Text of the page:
Harmony P. Garges, M.D., MPH, chief medical officer at ViiV Healthcare, said: “Challenges can emerge when an investigational treatment moves from the controlled setting of a clinical trial to the real-world setting. The difficulty that patients sometimes face getting access to transportation and keeping monthly appointments were front of mind for the healthcare providers who were part of CUSTOMIZE, but they ultimately found these perceived barriers weren’t as significant as they thought. Exploring innovative solutions to these real-world challenges is precisely why ViiV Healthcare is a leader in the field of implementation science, which aims to identify what works best in healthcare settings, why it works, and how these findings can be applied to improve the lives of people living with HIV.”
The CUSTOMIZE study is ongoing. In addition to these initial four-month healthcare staff survey findings, the full 12-month results, as well as perspectives from healthcare team interviews, and patient experiences with the long-acting regimen will be presented at an upcoming medical meeting. The corresponding CARISEL study, which will examine the implementation of the long-acting regimen of cabotegravir and rilpivirine in European healthcare settings is planned to start later this year.
The long-acting regimen of cabotegravir and rilpivirine was approved by Health Canada in March 2020 and is currently under review by the European Medicines Agency (EMA) and other global regulatory authorities.
As part of its continuing efforts to ensure facilities are prepared to introduce monthly injectable HIV treatment, ViiV Healthcare invited research proposals for Investigator Sponsored Studies (ISSs) in the area of implementation science designed to better understand how to effectively deliver monthly injectable HIV treatment in the real-world setting. A total of six proposals were chosen to further research into the implementation of investigational long-acting cabotegravir and rilpivirine. These studies will explore the implementation of the long-acting regimen in non-HIV clinic settings (including administration in pharmacies or in-home by visiting healthcare workers) as well as addressing challenges of delivery amongst high risk populations (including alternative models of care in community-based organisations or among transgender women in public health settings).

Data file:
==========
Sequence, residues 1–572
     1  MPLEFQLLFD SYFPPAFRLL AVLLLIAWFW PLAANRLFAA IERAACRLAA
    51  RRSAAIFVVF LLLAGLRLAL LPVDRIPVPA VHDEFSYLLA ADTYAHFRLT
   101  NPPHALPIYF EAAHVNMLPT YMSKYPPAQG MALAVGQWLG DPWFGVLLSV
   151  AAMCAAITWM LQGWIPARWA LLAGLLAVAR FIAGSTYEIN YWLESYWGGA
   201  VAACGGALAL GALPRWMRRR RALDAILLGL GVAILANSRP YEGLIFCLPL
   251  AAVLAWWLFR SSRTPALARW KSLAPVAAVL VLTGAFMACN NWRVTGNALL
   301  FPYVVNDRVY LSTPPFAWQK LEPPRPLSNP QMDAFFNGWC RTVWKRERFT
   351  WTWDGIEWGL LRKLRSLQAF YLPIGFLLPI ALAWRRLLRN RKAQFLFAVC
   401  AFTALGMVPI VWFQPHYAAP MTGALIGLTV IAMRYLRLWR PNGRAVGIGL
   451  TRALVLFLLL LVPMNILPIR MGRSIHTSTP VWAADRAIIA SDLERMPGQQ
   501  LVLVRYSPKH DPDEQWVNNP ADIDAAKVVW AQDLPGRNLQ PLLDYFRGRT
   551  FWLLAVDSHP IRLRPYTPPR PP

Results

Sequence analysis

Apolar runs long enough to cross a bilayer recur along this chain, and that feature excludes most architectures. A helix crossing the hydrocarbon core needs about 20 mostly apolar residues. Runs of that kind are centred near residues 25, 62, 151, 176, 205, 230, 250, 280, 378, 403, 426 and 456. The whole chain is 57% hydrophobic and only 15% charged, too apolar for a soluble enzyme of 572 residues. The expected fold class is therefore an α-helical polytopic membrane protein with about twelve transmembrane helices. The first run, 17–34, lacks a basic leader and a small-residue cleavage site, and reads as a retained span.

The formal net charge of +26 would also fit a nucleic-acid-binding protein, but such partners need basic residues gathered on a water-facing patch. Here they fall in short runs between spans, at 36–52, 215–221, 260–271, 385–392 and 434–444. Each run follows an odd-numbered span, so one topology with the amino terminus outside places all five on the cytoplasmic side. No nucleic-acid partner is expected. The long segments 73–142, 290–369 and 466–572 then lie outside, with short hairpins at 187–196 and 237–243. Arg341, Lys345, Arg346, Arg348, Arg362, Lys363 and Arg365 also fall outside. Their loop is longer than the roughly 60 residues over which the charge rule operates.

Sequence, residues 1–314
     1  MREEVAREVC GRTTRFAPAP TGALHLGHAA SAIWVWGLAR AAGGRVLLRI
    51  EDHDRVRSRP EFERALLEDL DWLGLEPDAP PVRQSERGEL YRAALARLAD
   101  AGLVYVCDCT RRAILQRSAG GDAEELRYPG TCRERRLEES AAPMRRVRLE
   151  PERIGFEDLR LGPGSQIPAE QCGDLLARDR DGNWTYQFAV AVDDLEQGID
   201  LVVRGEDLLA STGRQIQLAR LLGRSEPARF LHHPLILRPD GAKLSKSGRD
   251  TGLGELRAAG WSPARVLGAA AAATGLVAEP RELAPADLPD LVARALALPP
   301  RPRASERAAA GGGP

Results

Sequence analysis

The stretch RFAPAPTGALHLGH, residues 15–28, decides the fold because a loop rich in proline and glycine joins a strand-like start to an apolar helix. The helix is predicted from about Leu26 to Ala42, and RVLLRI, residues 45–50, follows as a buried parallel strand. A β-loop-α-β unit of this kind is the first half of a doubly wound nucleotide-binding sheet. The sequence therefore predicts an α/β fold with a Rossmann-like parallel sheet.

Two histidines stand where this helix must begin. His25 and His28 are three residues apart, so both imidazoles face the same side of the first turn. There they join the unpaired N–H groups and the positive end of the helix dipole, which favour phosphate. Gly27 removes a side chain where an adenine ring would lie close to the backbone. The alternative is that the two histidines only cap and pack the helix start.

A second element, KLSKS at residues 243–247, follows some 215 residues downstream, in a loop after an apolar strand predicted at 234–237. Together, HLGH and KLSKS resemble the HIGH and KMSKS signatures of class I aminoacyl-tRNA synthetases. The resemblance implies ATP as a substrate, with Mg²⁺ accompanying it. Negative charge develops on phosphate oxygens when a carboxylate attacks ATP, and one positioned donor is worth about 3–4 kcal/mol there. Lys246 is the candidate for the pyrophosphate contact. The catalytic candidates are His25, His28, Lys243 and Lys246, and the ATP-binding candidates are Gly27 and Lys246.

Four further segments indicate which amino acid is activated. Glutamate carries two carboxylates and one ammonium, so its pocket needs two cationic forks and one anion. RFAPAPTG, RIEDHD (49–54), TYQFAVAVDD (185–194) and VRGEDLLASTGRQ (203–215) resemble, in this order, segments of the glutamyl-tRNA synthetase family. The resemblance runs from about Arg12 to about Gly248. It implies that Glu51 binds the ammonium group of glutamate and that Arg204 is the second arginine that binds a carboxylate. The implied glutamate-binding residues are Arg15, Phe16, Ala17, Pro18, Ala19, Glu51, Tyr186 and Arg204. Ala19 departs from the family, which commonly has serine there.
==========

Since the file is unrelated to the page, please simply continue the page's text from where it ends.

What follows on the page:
CUSTOMIZE is a single-arm, multicenter, one-year evaluation of the effect of an implementation strategy on the degree of acceptability, appropriateness, feasibility, fidelity and sustainability of clinic practices to deliver the investigational once-monthly, injectable regimen of cabotegravir and rilpivirine to appropriate patients living with HIV. The study evaluates both qualitative and quantitative measures across a range of clinic types, including university hospitals as well as private and public clinics, with varied geographic and demographic representation.
A suite of educational items, training aids, treatment and resource planning tools, appointment reminders and patient-directed support items were made available as part of this study. Staff study participants from each site (physician/primary care practitioner, nurse/medication administration personnel, administrator/clinic manager) took part in the study through participation in surveys and interviews. Sustainment of implementation strategies was assessed via surveys and semi-structured interviews of staff study participants as well as patient study participants. The primary endpoint was change from baseline to the injection site visit at Month 12 in site survey responses for acceptability, appropriateness and feasibility.
The long-acting regimen of cabotegravir and rilpivirine is an investigational regimen for the treatment of HIV-1 infection in adults to replace the current antiretroviral regimen in patients who are virologically stable and suppressed (HIV-1 RNA less than 50 copies/mL). The complete regimen combines the integrase strand transfer inhibitor (INSTI) cabotegravir, developed by ViiV Healthcare, with rilpivirine, a non-nucleoside reverse transcriptase inhibitor (NNRTI) developed by Janssen Sciences Ireland UC.
INSTIs, like cabotegravir, inhibit HIV replication by preventing the viral DNA from integrating into the genetic material of human immune cells (T-cells). This step is essential in the HIV replication cycle and is also responsible for establishing chronic infection. Rilpivirine is an NNRTI that works by interfering with an enzyme called reverse transcriptase, which in turn stops the virus from multiplying.
CABENUVA (cabotegravir and rilpivirine extended release injectable suspensions) is currently only approved in Canada.